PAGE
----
Indonesian superhero movies don’t get a lot of love abroad. That’s because there aren’t that many and to criticise them against the heavyweights from America isn’t fair. As a result, these works really need word of mouth to get known. Legend of Gatotakaca (Satria Dewa: Gatotkaca) released in its native country last year, and now has international distribution courtesy of Well GO USA.
Riki the Rhino can easily get missed when parents are looking for wholesome animated films for their kids to watch. Thankfully, this film can be streamed too, as it’s uncertain if every big box store will carry the home video release.
This work not only teaches the value of friendship in the same vein as Disney’s The Lion King, but also animal conservation. In order to deal with the latter in a non-violent way, the fights are no less threatening than what one sees at Spanish bullfighting.
It won’t win huge awards because CGI is less than stellar. The production and pixel art is similiar to the effort put behind A Turtle’s Tale, and that’s only because in other countries (Indonesia, in this instance), the production houses don’t have the computer render farms PIXAR has. However, in terms of its narrative, every word and action counts here.
May is Asian Heritage Month, and the National Film Board of Canada has a channel about Asian Communities in Canada.
May is Asian Heritage Month, and the National Film Board of Canada has a channel about Asian Communities in Canada. The municipality of Richmond, BC is almost considered the “Chinese” place to do business in the Pacific Northwest because of all the warehouses and operations headquartered here. But there’s more to this side of the industry, or a feature about just one nation. There’s other countries to help make this world for what it is. The cultural influences, the history and arts are part of a greater influential factor.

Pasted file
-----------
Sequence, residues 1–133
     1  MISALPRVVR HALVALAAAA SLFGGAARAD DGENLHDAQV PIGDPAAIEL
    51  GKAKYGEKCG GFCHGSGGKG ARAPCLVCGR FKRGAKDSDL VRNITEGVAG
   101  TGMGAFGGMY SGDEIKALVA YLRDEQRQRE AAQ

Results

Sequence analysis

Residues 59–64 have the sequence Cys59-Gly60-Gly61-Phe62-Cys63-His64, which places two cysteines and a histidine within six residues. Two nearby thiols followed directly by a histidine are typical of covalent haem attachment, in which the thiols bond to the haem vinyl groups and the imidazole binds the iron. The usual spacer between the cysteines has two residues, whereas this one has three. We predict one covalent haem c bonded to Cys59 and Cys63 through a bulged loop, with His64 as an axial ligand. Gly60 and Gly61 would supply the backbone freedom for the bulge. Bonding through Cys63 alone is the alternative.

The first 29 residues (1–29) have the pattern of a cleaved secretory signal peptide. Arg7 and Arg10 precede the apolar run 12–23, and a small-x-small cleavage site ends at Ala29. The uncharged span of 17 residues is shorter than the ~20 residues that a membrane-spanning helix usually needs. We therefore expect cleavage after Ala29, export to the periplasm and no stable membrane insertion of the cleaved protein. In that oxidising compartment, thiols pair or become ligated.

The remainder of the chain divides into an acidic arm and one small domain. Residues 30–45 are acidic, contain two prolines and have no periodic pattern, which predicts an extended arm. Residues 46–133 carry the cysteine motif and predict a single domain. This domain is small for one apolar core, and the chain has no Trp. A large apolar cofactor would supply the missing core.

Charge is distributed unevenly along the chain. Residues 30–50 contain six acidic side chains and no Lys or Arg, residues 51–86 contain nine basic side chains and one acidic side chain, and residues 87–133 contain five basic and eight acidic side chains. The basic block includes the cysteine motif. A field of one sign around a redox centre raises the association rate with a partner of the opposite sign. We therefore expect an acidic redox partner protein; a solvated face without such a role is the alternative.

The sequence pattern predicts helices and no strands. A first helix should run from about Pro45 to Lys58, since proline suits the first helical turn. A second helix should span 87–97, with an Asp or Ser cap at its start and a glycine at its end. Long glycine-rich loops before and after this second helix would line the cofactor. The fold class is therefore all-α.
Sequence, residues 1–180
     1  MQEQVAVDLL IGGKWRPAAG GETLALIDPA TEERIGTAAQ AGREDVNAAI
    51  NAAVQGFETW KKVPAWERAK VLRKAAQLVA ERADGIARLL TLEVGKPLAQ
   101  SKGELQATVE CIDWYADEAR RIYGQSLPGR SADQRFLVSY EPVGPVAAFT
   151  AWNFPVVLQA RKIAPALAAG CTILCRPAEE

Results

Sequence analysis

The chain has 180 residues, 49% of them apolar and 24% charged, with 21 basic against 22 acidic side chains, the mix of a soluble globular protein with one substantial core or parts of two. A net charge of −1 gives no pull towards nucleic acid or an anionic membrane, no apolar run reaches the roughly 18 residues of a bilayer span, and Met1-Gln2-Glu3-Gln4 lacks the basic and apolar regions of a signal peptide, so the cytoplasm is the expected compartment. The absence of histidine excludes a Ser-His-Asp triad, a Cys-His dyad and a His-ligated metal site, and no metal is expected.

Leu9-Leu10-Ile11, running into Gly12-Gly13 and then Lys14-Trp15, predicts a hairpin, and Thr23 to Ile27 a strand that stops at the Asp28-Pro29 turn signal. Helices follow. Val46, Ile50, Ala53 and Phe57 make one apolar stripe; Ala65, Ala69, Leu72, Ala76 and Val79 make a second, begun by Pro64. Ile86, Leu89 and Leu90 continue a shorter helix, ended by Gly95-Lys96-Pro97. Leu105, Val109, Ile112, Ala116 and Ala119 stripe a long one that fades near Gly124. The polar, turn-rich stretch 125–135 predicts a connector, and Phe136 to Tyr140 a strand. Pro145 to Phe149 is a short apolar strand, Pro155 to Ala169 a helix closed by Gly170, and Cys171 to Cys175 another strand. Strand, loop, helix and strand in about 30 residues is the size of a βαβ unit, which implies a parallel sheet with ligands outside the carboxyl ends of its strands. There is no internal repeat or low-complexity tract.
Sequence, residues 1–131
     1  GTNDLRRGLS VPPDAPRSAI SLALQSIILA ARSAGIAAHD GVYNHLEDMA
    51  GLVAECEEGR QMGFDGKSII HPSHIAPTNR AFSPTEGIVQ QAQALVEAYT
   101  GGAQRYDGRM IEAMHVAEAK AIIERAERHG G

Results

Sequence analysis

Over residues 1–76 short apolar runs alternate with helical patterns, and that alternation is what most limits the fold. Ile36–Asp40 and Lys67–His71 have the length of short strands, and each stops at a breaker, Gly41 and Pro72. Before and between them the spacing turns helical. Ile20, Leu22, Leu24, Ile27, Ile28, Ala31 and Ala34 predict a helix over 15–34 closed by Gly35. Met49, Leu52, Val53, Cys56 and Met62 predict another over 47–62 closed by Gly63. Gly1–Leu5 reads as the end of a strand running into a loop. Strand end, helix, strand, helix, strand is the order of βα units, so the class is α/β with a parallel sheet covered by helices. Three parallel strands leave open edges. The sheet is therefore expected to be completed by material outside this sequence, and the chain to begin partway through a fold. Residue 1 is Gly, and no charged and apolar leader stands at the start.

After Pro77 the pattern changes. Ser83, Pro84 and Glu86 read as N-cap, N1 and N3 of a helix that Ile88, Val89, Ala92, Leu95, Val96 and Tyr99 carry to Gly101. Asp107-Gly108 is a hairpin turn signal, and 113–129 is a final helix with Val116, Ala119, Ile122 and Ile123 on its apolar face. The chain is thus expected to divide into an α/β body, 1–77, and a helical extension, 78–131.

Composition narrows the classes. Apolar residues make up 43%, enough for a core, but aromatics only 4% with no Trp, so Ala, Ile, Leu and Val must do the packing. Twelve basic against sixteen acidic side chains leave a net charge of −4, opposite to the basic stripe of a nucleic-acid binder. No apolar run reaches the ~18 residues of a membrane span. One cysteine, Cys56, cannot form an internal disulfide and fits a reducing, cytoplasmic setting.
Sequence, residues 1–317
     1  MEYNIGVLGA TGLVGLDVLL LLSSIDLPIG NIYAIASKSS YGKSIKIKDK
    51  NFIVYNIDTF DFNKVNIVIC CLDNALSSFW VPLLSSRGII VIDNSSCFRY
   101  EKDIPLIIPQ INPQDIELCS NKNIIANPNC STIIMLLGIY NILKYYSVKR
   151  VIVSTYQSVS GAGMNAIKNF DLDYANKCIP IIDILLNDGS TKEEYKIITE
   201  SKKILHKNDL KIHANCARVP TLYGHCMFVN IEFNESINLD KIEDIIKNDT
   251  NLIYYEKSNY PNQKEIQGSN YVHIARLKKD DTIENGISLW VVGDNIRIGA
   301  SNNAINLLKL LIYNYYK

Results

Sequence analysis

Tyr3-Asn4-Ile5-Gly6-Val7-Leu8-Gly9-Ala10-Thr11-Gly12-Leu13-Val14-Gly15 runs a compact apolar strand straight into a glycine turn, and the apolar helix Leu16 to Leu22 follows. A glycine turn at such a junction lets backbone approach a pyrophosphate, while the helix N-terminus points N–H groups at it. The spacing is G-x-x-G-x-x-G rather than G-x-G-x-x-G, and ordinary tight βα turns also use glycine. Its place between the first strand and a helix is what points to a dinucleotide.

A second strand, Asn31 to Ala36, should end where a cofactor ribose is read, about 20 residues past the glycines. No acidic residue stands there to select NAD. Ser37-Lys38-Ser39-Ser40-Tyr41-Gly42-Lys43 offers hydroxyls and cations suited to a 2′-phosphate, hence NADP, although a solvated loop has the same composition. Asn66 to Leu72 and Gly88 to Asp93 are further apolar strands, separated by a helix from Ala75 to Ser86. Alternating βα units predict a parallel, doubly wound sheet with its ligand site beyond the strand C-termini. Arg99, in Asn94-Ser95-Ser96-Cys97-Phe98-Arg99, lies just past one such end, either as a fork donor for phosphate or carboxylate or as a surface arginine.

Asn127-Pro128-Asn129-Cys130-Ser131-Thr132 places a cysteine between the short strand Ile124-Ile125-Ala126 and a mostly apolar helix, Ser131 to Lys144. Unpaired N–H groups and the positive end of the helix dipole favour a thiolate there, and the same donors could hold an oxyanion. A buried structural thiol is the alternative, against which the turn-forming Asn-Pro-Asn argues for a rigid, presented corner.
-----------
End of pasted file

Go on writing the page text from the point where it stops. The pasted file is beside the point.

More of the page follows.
In America, the Los Angeles Pacific Asian Film Festival will soon take place for even more media introspectives. We’ve posted a guide in what to see there in the prior article.
In this country, comic book readers love Gundala, a hero with a mythical past and the smarts to thwart his best foes. The comic book Gundala Putra Petir debuted in 1969 and it took nearly 50 years for him to make his cinematic appearance. His equal in America is DC’s Batman and Marvel Entertainment’s Thor.
After making waves at film festivals last year, the Bumilangit Cinematic Universe has an American distributor. Gundala is this studio’s debut movie which brings a unique style and flavour to movie-goers world-wide. This Indonesian movie is directed by Joko Anwar and stars Abimana Aryasatya, Tara Basro, Bront Palarae, Ario Bayu, Lukman Sardi. It draws upon the wealth of local folklore and comic book narrative particular to this corner of the world and promises to deliver a lot of comedy and martial arts for fans to delight in!